Figure 1: Average Class Size in Preschool Education in Albania.[1]

This is an indication that the financing system of earmarked specific grants based on the historical costs and decisions of the MoESY, was not reflecting social and demographic developments in Albania and was in fact amplifying the already existing serious inequities across the country. 

The Table below shows the breakdown of preschools and pupils between urban and rural areas in 2018. In total in Albania there are 2093 preschools, 27 per cent of which are located in urban settings while 73 per cent in the rural areas. This is a reflection of the fact that the preschools and schools were built during the communist period, when 65 per cent of the country’s population was living in the rural areas, and where there were severe governmental controls over demographic movements from rural to urban areas. Urban preschools host 53 per cent of the total number of preschool children in Albania.

In total, only 10.5 per cent of preschools in Albania provide hot meals for preschool children and charge a daily fee for it of up to EUR 1 per day per pupil. The remaining 89.5 per cent of preschools do not provide any meal for their children. In urban areas, almost all preschools (97 per cent) provide meals for their children while in rural areas only 3 per cent of preschools provide a meal.

 No of PreschoolsNo Preschool PupilsNo of preschools providing mealsNo of preschool children receiving meals
Table 1: No of preschools and pupils broken down by urban and rural settings, in 2018.[2]

To begin addressing these challenges and disparities across local governments, in 2019, the Ministry of Finance and Economy and the MoESY, with the support of USAID Albania, adopted a preschool education finance reform. The reform had three main components: (i) improving the legal specification of the financing system for preschool education; (ii) increasing the level of funding for preschool by 10 per cent; and (iii) introducing a new and more transparent and equitable allocation system that is based on the number of pupils as a proxy of service needs and which can be adapted to the social and demographic changes.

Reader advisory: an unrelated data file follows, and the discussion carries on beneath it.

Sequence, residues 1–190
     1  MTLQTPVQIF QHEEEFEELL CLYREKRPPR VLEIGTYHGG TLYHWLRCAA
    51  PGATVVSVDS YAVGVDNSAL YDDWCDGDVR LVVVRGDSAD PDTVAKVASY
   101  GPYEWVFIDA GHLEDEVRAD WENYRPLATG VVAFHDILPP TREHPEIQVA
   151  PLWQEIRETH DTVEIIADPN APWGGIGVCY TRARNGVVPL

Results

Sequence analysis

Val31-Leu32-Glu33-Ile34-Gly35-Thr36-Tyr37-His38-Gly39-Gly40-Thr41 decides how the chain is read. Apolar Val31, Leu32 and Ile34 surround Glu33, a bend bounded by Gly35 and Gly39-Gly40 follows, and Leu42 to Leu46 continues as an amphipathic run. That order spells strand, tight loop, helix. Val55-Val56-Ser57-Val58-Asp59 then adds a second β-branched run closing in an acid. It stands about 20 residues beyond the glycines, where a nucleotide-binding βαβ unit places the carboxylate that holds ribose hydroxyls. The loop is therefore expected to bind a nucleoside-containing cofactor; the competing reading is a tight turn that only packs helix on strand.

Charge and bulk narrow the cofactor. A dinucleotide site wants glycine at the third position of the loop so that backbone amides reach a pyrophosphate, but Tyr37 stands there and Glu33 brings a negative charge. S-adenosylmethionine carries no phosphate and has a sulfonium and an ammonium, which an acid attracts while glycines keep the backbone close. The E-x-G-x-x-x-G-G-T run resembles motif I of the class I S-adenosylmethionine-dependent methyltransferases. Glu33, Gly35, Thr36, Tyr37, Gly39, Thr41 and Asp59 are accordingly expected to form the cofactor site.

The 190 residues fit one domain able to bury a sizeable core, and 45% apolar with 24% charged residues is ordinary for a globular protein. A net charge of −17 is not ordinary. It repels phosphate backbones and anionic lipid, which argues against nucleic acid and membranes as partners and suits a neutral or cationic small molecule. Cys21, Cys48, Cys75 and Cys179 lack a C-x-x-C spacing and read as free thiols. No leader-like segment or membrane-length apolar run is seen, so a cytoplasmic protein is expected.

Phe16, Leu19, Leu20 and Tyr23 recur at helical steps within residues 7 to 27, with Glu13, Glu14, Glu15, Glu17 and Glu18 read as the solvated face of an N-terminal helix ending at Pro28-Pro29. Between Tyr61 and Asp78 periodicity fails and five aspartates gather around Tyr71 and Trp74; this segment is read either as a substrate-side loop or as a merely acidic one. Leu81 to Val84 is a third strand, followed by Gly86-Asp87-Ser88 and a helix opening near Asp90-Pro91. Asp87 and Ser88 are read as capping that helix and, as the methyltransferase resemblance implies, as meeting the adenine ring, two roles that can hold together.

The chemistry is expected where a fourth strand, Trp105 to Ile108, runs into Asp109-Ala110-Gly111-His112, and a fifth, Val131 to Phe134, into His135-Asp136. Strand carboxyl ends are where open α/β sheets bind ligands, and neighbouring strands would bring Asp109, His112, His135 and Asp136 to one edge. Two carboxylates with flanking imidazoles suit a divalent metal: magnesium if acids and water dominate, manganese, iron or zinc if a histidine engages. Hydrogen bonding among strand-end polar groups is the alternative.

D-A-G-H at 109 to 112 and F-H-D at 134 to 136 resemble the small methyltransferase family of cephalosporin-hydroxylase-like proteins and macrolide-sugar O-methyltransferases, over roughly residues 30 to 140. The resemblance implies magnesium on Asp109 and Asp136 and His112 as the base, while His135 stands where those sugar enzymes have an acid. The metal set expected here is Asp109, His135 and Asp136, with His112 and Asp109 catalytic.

The figure below shows the projected impact of the preschool education finance reform adopted in 2019 in Albania. The increased funding and the new allocation system are expected to push funding towards those municipalities that have an urgent need for additional teachers, measured by their pupil to teacher ratios. It is expected that the reform will result in a general reduction in the average class sizes, from 18 to 15 preschool pupils per teacher and in some extreme cases in both urban and rural areas from 26 to 18 pupils per teacher. The effects of the reforms are expected to resonate in particular in those municipalities that had very overcrowded preschool classes which can be found in both the larger and more urban municipalities such as Tirana, Durres and Kamez but also among smaller and more rural municipalities such as Roskovec and Ura Vajgurore. The figure below shows that if effectively implemented, both small and large, urban and rural, mountainous and non-mountainous municipalities benefit from the new financing system for preschool education.

Ultimately, if effectively implemented, as a result of this program, more than 52,000 (71 per cent) of preschool children will benefit from more comfortable class sizes – a key precondition for improving access to and quality of preschools. This is expected to bring significant improvements in education for Albania’s youngest generations, creating therefore opportunities for a more inclusive and resilient society, while it would also help parents labor market participation.

Figure 2: Projected Impact of the Preschool Education Finance Reform in Albania.

With the decentralization of the function, the MoFE and the MoESY at the national level in cooperation with local governments and their associations may initiate reform processes to further improve the financing system for preschool education. This is not in breach of local autonomy. Although preschool education has been transformed into a local government function, still, the reformation of the intergovernmental finance system lies within the Ministry of Finance, while the MoESY keeps a monitoring and oversight role.

Assessment of the Practice